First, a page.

Good People aren’t White Saviors

Kelsey Nielsen

Kelsey Nielsen first traveled to Uganda to “love on babies” at an orphanage as a self-described “White Savior.” Then she started to ask questions about privilege and power and how best to help people. She is one of the founders of “No White Saviors” an Instagram account that has turned into a movement.

Our conversation on the Good People podcast went so long that I broke it into two parts. I could’ve asked her more questions. You can listen below or on Apple Podcasts or probably other places too. (I like doing the interviews, but not so much the administrivia a podcast or life requires.)

Part 1

Part 2


Show notes:

No…

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Building on the work of other journalists

Yesterday I chatted with a documentarian in Scotland who is working on a film on where food comes from. We chatted for an hour about chocolate, bananas, and coffee.

I think journalism is like science in that community members build on each other’s work. I always take the time to help out a fellow journalist. I think it’s part of the responsibility of this work.

I had a chat with Elizabeth Cline very early on in her process of writing Overdressed. I even introduced her to my friend Dalton, who appeared in WHERE AM I WEARING. I also chatted with Marcus Stern who did a really great piece on child labor in coffee for The Weather Channel and Telemundo.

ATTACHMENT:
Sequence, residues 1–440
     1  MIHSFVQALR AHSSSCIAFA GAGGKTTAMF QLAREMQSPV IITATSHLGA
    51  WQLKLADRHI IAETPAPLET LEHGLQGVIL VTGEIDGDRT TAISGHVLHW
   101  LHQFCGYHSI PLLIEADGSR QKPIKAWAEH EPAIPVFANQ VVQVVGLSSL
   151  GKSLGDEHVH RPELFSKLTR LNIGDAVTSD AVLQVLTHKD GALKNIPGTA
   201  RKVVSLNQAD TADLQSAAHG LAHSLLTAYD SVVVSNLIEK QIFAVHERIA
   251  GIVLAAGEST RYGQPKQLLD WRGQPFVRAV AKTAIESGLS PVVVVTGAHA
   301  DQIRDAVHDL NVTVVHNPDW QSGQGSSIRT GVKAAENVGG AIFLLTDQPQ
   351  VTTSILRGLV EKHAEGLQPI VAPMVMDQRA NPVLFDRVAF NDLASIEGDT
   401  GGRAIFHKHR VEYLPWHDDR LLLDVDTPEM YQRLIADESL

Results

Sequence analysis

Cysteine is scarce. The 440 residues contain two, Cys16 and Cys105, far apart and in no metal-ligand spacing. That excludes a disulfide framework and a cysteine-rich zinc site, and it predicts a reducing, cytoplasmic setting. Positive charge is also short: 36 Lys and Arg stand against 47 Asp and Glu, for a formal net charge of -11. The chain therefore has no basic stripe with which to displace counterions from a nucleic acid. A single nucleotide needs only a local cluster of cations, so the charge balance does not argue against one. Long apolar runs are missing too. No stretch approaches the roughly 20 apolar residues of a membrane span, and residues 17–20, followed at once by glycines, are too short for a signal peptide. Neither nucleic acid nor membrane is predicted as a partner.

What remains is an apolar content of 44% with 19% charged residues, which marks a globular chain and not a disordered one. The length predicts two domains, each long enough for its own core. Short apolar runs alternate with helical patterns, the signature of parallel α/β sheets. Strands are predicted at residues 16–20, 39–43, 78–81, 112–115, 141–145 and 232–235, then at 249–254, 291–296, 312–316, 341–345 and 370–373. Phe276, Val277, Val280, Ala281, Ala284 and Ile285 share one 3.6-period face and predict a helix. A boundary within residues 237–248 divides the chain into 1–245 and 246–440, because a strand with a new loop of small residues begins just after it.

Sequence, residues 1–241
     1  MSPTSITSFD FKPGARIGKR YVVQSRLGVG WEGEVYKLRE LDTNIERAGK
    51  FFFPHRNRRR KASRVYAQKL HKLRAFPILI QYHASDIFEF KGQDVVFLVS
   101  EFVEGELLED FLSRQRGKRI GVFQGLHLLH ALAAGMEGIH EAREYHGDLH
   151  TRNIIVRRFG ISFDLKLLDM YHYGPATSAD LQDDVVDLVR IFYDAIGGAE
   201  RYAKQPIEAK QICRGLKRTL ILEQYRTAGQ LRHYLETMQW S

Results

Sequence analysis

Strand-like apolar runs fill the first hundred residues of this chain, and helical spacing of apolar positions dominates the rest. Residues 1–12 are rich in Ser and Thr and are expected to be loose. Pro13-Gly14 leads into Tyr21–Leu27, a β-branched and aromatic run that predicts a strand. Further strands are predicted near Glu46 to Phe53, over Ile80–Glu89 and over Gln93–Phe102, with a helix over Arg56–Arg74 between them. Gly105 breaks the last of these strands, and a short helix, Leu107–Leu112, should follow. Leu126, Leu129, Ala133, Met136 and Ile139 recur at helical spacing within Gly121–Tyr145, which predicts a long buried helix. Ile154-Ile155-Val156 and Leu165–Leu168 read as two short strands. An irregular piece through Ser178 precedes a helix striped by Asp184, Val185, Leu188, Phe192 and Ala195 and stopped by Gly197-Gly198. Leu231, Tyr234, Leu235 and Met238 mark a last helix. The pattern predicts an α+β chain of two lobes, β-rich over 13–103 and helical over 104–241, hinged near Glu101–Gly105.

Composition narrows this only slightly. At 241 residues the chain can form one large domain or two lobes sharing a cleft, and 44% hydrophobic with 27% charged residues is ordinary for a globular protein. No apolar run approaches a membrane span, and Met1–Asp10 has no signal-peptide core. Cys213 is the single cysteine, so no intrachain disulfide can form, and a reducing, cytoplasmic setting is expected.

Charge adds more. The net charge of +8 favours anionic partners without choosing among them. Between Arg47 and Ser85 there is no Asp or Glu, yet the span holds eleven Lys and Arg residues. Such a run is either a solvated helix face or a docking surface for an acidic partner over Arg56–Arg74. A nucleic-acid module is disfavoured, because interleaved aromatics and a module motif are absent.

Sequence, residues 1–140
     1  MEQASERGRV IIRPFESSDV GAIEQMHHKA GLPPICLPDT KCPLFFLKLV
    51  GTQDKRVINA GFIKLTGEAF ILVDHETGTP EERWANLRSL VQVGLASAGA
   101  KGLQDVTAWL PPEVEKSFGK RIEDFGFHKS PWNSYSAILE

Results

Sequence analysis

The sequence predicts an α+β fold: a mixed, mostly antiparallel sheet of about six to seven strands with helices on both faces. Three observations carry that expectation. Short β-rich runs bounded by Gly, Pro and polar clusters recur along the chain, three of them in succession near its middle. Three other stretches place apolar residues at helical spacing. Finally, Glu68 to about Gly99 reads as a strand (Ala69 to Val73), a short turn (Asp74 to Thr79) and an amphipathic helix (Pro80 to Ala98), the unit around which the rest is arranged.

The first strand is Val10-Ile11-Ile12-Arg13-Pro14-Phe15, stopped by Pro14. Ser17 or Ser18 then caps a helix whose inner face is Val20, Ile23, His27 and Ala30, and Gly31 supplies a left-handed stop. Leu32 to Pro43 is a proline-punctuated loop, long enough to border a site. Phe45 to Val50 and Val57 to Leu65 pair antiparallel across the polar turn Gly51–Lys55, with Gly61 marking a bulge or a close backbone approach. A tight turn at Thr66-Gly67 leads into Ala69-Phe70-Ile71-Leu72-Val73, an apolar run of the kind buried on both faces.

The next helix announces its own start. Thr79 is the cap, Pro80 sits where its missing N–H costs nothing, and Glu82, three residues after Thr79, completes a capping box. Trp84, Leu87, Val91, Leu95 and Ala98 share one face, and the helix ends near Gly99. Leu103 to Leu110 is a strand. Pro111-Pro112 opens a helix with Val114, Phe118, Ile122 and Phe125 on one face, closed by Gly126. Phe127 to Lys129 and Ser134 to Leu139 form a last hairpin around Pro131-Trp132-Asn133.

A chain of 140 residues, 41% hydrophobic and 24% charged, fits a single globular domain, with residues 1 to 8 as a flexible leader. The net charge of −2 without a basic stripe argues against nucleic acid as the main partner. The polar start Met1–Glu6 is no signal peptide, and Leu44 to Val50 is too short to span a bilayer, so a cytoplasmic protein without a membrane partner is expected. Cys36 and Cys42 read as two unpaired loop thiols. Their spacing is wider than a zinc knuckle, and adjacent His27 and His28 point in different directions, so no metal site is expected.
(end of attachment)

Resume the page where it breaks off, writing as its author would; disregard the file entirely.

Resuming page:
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A baboon in Ethiopia is named after me

Check out this note from a student who read WHERE AM I EATING a few years ago:

Hi Kelsey! Thanks for the invite for The Facing Project. Can’t wait to look into it more! You spoke to my sociology class with Máel Sheridan at Hamline university after we read your book in 2015. Funny story, and long story short: I’m a Peace Corps health volunteer in Ethiopia and was trying to explain in local language the idea behind your books as it relates to my community (where are all these goods coming from? How did they get here?). A couple weeks later the live-in guard at my health center appeared with a pet baboon. It was then named after you in honor of your books. “Kelsey” spelt differently in afran Oromo…

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